Show Review: Angel Olsen at the Phoenix Concert Theatre

By Anisa Moquit, Photos By Anisa Moquit25993336_10214629896516452_629969940_o.jpg

Angel Olsen’s return to Toronto was triumphant, as she performed two sold out shows at the Phoenix Theatre. I was obsessive enough a fan to have caught her on both nights. Olsen wastouring in support of the release of Phases this year—a compilation album of B-sides and rarities, a veritable treasure trove of unreleased material spanning from as early as her first EP, 2010’s Strange Cacti to her third 2016 album My Woman. On Phases, Olsen demonstrates her genre bending talents and reaffirms her position as an exceptional songwriter. On both nights, Angel’s heavenly voice (pardon the pun) enthralled the audience.

The opener, psychedelic-rock group Heron Oblivion, were skilled, and played a set that made  you want to listen to them as soon as you got home. They were equal parts self-contained and intense, as singer/drummer Meg Braid’s ethereal voice skated over the explosive guitar riffs and feedback.

The instrumental to “Intern” from My Woman prefaced Olsen’s entry on both nights. Eerie synths and the darkened staged built an atmosphere taut with excitement. Her accompanying band entered in matching suits of light grey followed by Olsen herself, dressed in a skintight golden catsuit with immaculate winged eyeliner. They launched immediately into “Hi-Five,” the most country-sounding song from her 2014 album, Burn Your Fire for No Witness.  Olsen sang to the audience, testing the enthusiasm of the room. “Are you lonely too?” She crooned.

“Hi Five! / So am I!” the crowd answered, indicating that we were in her grasp for the rest of the night.

Olsen performed crowd pleaser “Shut Up Kiss Me” second on both nights, strategically getting it out of the way before proceeding to a set consisting mostly of material from My Woman, with some older material thrown in between. The tight set really showcased Olsen’s voice, as it soared over the stage and touched every corner of the room. Tracks like “Sister” and “Heart Shaped Face” were brought to life with such gorgeous tenderness that it was difficult to stay dry-eyed. “Those Were the Days” and “Woman” seemed to induce a trance like state over the audience while the more energetic, “Not Gonna Kill You” inspired a feverish reaction with lyrics “It’s not gonna break you/ Its just gonna shake you,” sung in Olsen’s ascendant voice.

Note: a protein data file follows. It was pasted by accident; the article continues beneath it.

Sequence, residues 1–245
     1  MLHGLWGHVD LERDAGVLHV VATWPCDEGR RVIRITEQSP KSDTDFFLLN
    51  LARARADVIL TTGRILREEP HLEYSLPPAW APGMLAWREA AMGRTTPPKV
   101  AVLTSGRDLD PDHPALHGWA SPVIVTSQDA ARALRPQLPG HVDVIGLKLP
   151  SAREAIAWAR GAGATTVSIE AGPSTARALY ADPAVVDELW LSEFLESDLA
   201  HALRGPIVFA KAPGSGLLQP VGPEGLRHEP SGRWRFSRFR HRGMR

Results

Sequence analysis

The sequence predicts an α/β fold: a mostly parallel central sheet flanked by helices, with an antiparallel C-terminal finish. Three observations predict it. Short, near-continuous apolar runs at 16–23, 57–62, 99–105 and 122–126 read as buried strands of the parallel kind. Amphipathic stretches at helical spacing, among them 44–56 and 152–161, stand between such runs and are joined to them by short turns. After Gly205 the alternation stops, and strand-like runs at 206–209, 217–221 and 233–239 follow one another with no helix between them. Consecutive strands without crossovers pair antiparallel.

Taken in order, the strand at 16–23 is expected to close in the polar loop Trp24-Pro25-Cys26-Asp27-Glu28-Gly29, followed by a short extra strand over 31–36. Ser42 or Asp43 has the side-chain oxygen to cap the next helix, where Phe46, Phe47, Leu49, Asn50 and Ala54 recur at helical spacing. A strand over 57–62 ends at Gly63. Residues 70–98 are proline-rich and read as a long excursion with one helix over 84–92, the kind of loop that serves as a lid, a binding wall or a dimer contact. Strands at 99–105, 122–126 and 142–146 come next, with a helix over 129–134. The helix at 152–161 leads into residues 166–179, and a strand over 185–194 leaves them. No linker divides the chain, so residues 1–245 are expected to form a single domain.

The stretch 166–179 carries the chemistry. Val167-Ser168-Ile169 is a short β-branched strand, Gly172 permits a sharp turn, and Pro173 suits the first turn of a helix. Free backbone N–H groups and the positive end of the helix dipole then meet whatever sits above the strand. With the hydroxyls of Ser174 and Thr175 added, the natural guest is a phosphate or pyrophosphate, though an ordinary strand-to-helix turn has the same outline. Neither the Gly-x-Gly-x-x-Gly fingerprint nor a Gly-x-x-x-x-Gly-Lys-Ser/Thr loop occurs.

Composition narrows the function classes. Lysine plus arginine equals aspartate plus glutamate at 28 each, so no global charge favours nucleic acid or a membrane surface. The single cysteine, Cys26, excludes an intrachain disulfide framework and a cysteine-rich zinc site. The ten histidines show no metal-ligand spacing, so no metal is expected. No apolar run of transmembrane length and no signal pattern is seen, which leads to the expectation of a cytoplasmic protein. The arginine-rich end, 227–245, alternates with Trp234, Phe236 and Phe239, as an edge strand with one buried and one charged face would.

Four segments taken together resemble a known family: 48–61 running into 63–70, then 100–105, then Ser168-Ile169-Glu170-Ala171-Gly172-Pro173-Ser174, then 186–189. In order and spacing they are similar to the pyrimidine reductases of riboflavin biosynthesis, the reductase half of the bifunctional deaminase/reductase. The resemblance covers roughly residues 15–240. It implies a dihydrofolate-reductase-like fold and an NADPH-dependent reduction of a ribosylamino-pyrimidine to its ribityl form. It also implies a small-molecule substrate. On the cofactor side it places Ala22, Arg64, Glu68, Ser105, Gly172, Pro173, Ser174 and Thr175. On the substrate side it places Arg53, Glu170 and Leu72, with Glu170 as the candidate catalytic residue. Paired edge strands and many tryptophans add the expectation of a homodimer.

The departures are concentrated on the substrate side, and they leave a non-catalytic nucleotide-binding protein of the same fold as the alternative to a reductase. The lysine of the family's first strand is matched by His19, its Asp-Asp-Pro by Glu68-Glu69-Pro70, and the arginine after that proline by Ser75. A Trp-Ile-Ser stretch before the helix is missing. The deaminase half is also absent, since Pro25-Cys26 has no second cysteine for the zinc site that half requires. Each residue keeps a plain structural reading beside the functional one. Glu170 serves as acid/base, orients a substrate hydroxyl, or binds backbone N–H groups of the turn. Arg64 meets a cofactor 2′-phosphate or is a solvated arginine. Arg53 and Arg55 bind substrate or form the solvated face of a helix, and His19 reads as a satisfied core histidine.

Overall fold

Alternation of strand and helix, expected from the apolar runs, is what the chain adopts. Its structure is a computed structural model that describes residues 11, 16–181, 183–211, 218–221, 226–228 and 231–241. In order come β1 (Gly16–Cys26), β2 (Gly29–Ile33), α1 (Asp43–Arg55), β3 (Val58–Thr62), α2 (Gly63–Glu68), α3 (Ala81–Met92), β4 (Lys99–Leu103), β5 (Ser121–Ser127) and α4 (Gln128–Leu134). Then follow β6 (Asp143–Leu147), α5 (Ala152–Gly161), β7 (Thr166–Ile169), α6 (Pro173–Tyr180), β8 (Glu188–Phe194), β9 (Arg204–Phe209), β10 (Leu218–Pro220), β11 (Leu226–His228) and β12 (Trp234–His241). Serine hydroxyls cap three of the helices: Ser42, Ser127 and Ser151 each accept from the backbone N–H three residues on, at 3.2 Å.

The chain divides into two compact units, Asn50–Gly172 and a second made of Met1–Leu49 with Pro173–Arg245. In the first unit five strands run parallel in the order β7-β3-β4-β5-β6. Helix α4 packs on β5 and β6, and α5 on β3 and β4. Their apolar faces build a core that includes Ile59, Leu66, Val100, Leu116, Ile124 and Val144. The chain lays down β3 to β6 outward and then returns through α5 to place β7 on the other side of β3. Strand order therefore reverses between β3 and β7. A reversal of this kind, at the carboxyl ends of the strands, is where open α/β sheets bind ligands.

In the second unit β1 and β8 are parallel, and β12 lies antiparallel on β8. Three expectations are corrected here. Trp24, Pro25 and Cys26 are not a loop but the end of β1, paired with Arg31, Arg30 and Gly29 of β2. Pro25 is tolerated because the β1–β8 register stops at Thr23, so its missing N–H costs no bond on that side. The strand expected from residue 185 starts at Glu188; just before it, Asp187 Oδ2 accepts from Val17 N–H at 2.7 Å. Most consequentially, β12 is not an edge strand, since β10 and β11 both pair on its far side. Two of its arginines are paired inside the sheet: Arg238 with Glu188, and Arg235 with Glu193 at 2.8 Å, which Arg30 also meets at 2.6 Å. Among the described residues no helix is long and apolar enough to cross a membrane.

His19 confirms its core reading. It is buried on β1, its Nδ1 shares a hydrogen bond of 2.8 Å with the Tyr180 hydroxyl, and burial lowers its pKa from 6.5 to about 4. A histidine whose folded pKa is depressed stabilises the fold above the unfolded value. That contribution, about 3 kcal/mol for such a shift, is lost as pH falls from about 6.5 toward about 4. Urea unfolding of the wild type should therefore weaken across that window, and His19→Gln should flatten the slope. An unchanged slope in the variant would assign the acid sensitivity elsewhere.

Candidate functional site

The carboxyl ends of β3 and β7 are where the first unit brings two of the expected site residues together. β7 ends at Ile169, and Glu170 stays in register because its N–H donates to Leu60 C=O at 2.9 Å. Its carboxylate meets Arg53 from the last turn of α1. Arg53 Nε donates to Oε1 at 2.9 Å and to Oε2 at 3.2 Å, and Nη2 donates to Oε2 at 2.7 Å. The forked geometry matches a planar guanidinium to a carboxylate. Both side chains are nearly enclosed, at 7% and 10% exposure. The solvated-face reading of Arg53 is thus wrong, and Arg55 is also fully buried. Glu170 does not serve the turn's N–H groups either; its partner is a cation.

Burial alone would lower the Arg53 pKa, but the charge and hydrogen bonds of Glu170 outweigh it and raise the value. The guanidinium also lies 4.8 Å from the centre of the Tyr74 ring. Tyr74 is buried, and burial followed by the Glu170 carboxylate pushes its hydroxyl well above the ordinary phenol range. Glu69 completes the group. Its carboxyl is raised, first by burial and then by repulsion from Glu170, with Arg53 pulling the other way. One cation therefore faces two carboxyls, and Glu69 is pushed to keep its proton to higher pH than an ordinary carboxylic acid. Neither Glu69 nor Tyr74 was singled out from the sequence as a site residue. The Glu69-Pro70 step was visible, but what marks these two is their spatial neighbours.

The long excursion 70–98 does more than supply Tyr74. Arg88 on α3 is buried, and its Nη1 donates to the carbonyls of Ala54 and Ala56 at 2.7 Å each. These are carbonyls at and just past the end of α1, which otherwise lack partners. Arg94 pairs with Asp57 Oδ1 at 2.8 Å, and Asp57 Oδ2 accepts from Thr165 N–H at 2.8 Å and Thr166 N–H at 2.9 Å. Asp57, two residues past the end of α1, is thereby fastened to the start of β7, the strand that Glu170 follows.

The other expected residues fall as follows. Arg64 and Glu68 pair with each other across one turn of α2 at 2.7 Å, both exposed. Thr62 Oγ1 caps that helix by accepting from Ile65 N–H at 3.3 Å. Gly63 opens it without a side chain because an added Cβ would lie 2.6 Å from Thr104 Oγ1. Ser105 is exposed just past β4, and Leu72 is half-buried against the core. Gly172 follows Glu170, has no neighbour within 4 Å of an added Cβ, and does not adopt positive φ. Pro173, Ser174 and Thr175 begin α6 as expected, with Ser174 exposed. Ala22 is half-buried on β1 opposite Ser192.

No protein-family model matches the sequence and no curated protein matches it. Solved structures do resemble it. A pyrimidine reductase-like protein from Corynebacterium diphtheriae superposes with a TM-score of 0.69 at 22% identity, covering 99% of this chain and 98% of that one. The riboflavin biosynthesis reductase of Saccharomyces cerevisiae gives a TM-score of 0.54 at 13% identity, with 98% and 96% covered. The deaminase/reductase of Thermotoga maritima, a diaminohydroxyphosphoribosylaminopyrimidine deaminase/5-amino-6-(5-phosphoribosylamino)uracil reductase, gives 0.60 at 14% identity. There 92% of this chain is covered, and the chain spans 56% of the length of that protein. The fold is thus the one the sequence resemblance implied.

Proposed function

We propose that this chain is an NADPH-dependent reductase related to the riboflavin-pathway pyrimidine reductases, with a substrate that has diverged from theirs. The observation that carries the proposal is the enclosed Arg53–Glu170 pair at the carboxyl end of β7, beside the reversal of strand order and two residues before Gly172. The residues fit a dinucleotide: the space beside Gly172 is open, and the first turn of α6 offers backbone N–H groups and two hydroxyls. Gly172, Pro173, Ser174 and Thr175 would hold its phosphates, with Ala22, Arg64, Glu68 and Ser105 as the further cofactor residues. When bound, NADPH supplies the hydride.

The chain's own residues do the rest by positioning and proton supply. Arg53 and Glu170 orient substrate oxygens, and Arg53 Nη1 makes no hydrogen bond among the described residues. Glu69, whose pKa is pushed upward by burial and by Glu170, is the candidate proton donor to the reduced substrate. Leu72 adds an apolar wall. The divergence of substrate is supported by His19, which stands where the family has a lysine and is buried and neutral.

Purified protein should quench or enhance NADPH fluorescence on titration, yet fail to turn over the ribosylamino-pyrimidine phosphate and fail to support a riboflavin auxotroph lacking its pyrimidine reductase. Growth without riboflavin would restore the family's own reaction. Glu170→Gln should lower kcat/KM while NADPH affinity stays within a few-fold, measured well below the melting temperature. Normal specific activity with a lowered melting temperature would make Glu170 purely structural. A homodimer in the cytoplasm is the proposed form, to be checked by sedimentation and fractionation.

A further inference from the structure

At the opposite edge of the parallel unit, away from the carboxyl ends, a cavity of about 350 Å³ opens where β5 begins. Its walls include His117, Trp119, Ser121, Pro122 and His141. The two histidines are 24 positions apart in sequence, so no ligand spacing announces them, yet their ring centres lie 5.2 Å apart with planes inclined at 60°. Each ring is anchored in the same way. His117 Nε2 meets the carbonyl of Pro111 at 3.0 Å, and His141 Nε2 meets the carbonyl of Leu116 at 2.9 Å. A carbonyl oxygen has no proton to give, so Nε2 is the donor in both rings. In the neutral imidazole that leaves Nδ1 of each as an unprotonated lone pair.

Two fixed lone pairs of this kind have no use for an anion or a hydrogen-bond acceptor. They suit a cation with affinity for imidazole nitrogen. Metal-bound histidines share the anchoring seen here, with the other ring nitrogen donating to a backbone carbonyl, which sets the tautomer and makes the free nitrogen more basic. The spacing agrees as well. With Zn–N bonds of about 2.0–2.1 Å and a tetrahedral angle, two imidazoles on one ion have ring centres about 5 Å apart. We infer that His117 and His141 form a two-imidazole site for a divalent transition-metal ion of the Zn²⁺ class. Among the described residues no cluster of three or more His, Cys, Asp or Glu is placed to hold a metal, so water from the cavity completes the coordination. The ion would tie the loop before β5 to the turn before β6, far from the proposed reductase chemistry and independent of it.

Both nights her solo set remained the same as she performed “Sans,” a track from Phases, followed by “unfucktheworld.” The repeated lyrics, “I am the only one now/ you may not be around” sung so determinedly and fiercely seemed like Olsen was imparting a special message to the crowd, and giving valuable life advice.

Throughout her performance, I was struck by how powerful Olsen truly was. It is not just her voice that affects the audience, but the undeniable strength of her songwriting skills. Her ability to so deftly capture pain and sadness, and portray it with such sensitivity and the occasional irreverence, is singular. The release of Phases followed by this show only served to remind me of how Olsen is a truth teller (the likes of which other artists strive to be), however it comes naturally to her.

On the second show night, through sheer luck and being in the right place at the right time, I had the incredible luck to speak to Olsen for a few moments. I was too awestruck to be able to muster up anything articulate to say, but another fan asked her how she felt about being pigeonholed in the media. Olsen joked about how critics liked to think she draws her inspiration from the mountains, and was happy to talk about her cat Violet, in the cold with fans. What an Angel.25993235_10214629896476451_1393742350_o.jpg

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